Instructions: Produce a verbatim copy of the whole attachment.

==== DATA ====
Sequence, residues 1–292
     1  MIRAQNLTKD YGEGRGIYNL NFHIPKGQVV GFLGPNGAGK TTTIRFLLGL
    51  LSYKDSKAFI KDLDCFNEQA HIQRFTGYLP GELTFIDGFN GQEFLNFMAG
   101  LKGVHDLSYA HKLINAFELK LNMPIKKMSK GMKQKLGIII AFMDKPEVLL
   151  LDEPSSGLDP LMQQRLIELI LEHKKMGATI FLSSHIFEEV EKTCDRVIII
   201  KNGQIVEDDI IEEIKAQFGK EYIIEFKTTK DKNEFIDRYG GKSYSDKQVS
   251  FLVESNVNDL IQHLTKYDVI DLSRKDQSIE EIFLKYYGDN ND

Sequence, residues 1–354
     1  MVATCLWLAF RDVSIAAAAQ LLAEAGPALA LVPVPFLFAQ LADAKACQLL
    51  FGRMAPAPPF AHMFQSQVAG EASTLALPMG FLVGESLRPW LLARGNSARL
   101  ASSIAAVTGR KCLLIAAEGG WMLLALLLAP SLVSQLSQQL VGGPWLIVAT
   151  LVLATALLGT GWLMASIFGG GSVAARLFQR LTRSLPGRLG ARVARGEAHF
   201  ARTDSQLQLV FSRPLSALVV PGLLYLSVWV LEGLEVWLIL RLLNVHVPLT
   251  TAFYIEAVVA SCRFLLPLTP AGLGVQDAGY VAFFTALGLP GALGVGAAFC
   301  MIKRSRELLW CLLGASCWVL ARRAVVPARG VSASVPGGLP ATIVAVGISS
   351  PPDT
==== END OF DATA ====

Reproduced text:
Sequence, residues 1–292
     1  MIRAQNLTKD YGEGRGIYNL NFHIPKGQVV GFLGPNGAGK TTTIRFLLGL
    51  LSYKDSKAFI KDLDCFNEQA HIQRFTGYLP GELTFIDGFN GQEFLNFMAG
   101  LKGVHDLSYA HKLINAFELK LNMPIKKMSK GMKQKLGIII AFMDKPEVLL
   151  LDEPSSGLDP LMQQRLIELI LEHKKMGATI FLSSHIFEEV EKTCDRVIII
   201  KNGQIVEDDI IEEIKAQFGK EYIIEFKTTK DKNEFIDRYG GKSYSDKQVS
   251  FLVESNVNDL IQHLTKYDVI DLSRKDQSIE EIFLKYYGDN ND

Sequence, residues 1–354
     1  MVATCLWLAF RDVSIAAAAQ LLAEAGPALA LVPVPFLFAQ LADAKACQLL
    51  FGRMAPAPPF AHMFQSQVAG EASTLALPMG FLVGESLRPW LLARGNSARL
   101  ASSIAAVTGR KCLLIAAEGG WMLLALLLAP SLVSQLSQQL VGGPWLIVAT
   151  LVLATALLGT GWLMASIFGG GSVAARLFQR LTRSLPGRLG ARVARGEAHF
   201  ARTDSQLQLV FSRPLSALVV PGLLYLSVWV LEGLEVWLIL RLLNVHVPLT
   251  TAFYIEAVVA SCRFLLPLTP AGLGVQDAGY VAFFTALGLP GALGVGAAFC
   301  MIKRSRELLW CLLGASCWVL ARRAVVPARG VSASVPGGLP ATIVAVGISS
   351  PPDT